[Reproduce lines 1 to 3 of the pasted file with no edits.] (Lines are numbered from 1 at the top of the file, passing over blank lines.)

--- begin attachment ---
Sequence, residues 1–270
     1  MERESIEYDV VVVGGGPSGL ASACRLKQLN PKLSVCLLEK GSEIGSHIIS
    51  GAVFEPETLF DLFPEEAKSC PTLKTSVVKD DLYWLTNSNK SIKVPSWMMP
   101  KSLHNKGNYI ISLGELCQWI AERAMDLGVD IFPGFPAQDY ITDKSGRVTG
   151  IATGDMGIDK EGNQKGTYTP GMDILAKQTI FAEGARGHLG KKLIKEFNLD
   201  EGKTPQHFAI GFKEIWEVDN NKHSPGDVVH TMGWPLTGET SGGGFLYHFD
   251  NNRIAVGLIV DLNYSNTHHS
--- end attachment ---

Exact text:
Sequence, residues 1–270
     1  MERESIEYDV VVVGGGPSGL ASACRLKQLN PKLSVCLLEK GSEIGSHIIS
    51  GAVFEPETLF DLFPEEAKSC PTLKTSVVKD DLYWLTNSNK SIKVPSWMMP